Does that mean I think that's how you should have written the scenario, with a gender conflict inherent in the succession triangle?  Not necessarily, no.  Because if you'd done that you'd have narrowed down the options for playing WoS:  you'd have forced the gender conflict on groups playing the scenario.  To me the complexity and openness of the r-map is part of WoS's strength.  I'm just playing around with additional options here.
Logged
Bankuei
Guest
« Reply #3 on: February 14, 2005, 03:45:18 PM »

Hi Kerstin,

One thing that struck me upon later review is that I never really clarified the primacy of Lady Noella as a legitimising factor for the long term stability of the banneret.  That is, its in -everyone's- interest that their chosen heir impresses her, and that she chooses to side with that one.

The gender flipping idea is rather interesting, though I think if you were to flip the gender of one of the heirs, it would make sense to flip Hugo to female AND make her the older child.  The injustice that comes without a meritocracy always spikes conflicts and pushes players' buttons :)

Chris
Logged
Bryan_T
Member

Posts: 75


« Reply #4 on: February 15, 2005, 08:23:36 AM »

I like the Eustace to Eustacie flip.  In my original reading of Well of Souls I'd really missed the gender theme--I think in part because the succession triangle is all male.  (And probably in part because of my bleak take on Seshnela, where I figured that any woman trying to revolt against gender roles was ripe for a tragic tale because I just saw the Seshnelans as bloody idiots in that regard--but at the time I views Seshnela as pretty much an unplayable setting--I've mellowed since).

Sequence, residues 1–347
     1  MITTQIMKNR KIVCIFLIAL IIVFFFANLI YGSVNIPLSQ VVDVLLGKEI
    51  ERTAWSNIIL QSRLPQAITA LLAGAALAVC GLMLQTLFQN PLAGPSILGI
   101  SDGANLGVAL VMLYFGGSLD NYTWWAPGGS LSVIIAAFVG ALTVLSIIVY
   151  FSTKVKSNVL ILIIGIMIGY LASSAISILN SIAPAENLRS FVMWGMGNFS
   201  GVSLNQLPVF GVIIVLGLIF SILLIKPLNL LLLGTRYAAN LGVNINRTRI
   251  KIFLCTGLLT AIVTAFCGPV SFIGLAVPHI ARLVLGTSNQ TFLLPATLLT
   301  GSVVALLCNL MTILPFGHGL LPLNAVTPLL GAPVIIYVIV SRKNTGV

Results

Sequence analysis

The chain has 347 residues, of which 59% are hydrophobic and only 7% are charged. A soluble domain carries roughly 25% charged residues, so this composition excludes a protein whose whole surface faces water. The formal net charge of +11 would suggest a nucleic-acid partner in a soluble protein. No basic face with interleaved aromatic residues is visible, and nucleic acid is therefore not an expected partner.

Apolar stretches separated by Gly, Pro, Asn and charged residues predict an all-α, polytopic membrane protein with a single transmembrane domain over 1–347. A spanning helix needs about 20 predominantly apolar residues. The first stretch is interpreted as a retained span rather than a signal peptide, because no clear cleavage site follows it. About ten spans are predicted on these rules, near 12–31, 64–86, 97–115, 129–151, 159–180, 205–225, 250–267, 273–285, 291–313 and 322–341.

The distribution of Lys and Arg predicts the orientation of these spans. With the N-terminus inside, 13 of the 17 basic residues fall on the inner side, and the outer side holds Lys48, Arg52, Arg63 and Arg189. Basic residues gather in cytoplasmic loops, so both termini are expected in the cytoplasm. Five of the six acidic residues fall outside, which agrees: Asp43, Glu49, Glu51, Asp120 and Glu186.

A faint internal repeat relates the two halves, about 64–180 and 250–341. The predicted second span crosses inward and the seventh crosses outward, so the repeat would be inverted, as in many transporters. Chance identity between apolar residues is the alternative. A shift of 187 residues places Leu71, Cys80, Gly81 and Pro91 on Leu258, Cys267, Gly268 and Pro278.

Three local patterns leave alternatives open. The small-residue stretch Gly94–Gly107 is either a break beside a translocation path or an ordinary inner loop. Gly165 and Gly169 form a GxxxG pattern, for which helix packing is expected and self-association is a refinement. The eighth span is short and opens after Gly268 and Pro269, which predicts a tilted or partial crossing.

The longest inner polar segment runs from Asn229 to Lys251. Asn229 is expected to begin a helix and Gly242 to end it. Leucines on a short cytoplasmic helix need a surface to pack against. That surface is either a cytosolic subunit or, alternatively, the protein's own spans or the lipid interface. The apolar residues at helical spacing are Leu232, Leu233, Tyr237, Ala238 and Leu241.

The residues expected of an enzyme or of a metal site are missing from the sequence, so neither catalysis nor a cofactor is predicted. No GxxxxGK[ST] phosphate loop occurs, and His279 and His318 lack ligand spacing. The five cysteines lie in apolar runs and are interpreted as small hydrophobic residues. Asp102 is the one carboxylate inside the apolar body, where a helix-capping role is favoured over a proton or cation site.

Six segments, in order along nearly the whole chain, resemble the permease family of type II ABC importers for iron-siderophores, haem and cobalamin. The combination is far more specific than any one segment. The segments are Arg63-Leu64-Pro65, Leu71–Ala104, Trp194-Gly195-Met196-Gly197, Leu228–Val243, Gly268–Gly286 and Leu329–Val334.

By flipping Eustace you raise that question, without tilting the ground in favor of either Hugo or Gilbert.  You also make it clear that sometimes unusual solutions are possible--sure eldest son should normally inherit, but if a woman could rule in her own right, who is to say the younger son couldn't inherit?  It also gives more hope for the poor gal who is brought there to be married off, maybe she doesn't just have to be an ancillary.

Beyond those logical reasons for liking it, for me it just somehow gives more hopeful emotional response, like there is a chance, like there is hope for a sane solution and not just mass tragedy (buckets of blood optional).  Then again, I seem to have had a much bleaker emotional response to Well of Souls than most people did.

--Bryan
Logged
Peter Nordstrand
Member

Posts: 501


WWW
« Reply #5 on: February 15, 2005, 08:52:28 AM »

Hi,

I never deliberately tried to focus on gender issues when running Well of Souls. In hindsight I can see that I didn't manage to focus on anything in particular. I had so many things on my mind and I most certainly would handle the scenario differently were I to play it today. However, despite my many "mistakes", Well of Souls made a world of difference for me, and roleplaying has not been the same since. So I love it, and I always read about other people's experiences with it with great interest.